| Gerard A Lightowler|
July 26, 2008
Bradford Park Avenue
| (1940-09-05)5 September 1940|
26 July 2008(2008-07-26) (aged 67)
Gerry Lightowler Wikipedia
Gerard A. "Gerry" Lightowler (5 September 1940 – 26 July 2008) was an English professional footballer, who played more than 200 games for his hometown club Bradford Park Avenue. He also played for Bradford City, Guiseley, and in the United States with Los Angeles Wolves.
Lightowler was born in Bradford, England, on 5 September 1940 and attended St. Bede's Grammar School. He was a left back, who started his football career with one of his hometown clubs, Bradford Park Avenue. He signed amateur forms with Park Avenue in 1958, making his first team debut in the final game of the 1958–59 season when Avenue defeated Aldershot 5–1. In September 1961, Lightowler signed his first full-time professional contract with Avenue, before going on to play 229 league and cup games with the club, during which time he scored two goals, one in the league and another in the FA Cup. Of his games, 208 were in the league.
In March 1968, Lightowler left Park Avenue to move to the United States, where he joined North American Soccer League side Los Angeles Wolves. He spent just seven months in the United States where he played 28 games, scoring three goals, before he returned to Bradford, after signing for Division Four team Bradford City under the management of Jimmy Wheeler. City finished fourth during the 1968–69 season, earning promotion to Division Three. However, Lightowler was released during the summer having played just 12 games, 11 of which were in the league, for City. Following his release, he joined nearby non-league club Guiseley.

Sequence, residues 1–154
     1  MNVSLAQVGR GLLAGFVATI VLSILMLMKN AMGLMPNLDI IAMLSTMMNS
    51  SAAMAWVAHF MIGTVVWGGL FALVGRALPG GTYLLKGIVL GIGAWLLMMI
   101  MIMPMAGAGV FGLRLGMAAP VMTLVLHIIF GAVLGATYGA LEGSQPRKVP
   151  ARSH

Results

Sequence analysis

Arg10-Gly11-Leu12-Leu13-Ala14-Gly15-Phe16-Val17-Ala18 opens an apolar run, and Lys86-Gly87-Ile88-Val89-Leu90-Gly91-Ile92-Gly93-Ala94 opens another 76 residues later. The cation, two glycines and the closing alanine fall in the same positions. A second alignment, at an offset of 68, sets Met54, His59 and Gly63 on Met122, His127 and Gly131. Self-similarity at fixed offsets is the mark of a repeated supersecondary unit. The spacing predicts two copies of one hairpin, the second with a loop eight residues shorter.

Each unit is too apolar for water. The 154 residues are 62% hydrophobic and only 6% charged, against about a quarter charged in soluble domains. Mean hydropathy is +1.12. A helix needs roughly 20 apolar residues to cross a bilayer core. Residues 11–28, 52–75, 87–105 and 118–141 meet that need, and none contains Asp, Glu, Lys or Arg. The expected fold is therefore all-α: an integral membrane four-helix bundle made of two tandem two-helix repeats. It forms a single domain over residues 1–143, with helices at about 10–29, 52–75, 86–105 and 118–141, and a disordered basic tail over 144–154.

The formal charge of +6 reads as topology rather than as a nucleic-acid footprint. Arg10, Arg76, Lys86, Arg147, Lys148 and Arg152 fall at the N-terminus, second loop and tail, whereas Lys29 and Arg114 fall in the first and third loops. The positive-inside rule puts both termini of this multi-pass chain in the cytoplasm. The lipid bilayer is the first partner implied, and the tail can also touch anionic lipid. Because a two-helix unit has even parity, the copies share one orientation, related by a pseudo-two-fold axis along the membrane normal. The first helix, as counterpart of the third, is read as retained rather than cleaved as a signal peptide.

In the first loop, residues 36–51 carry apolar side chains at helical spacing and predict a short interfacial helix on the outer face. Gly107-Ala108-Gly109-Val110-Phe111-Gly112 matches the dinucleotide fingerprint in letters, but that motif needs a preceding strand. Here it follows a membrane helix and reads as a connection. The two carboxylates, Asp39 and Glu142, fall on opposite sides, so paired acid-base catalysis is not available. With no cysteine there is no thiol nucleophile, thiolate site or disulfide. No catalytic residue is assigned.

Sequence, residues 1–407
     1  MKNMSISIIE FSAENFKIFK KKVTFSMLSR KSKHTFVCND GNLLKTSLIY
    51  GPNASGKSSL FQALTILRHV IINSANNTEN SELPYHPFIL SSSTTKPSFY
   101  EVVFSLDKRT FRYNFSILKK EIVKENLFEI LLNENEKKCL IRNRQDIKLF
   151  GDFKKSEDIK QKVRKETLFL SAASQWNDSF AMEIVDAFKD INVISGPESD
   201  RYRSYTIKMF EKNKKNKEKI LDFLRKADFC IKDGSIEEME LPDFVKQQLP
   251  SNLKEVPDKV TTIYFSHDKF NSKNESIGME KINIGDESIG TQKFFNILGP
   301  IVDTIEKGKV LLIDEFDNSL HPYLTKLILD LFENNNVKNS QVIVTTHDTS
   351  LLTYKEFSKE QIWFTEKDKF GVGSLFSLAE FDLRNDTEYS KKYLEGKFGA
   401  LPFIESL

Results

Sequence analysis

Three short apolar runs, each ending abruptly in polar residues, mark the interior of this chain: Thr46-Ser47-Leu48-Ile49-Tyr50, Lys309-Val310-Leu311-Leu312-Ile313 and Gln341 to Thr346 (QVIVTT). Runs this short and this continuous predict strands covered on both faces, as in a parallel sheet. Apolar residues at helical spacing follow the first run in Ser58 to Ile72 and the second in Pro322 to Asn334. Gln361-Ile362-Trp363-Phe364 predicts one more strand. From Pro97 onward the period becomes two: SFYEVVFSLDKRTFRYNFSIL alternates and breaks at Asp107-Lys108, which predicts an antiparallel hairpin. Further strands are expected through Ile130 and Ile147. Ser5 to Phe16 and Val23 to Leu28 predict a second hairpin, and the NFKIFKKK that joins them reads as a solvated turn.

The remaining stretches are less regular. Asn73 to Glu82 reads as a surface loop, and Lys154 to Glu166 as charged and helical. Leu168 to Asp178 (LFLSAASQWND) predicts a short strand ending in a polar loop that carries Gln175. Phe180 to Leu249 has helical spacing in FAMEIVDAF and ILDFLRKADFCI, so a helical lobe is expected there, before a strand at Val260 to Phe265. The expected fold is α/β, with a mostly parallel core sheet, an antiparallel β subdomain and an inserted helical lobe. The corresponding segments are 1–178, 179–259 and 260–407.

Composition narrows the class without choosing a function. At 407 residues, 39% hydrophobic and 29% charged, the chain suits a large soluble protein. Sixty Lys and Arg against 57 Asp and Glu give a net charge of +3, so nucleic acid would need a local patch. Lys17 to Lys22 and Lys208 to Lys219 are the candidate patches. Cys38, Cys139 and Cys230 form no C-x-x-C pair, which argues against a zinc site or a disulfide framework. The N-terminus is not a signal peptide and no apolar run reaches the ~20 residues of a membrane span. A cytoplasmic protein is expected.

Lightowler was married to Sandra. He was also interested in cricket and was a steward and committee member of Gomersal Cricket Club, in Gomersal, West Yorkshire. He was also a keen amateur golfer and organised and played in the cricket club's annual golf event. Since his death the golf tournament has been renamed 'The Gerry Lightowler memorial' and the winner receives a silver trophy in his honour.
He died in July 2008 at the age of 67. Following his death, his former teammate Bobby Ham, with whom he played at both Bradford clubs, described him as "a great lad with a fantastic sense of humour".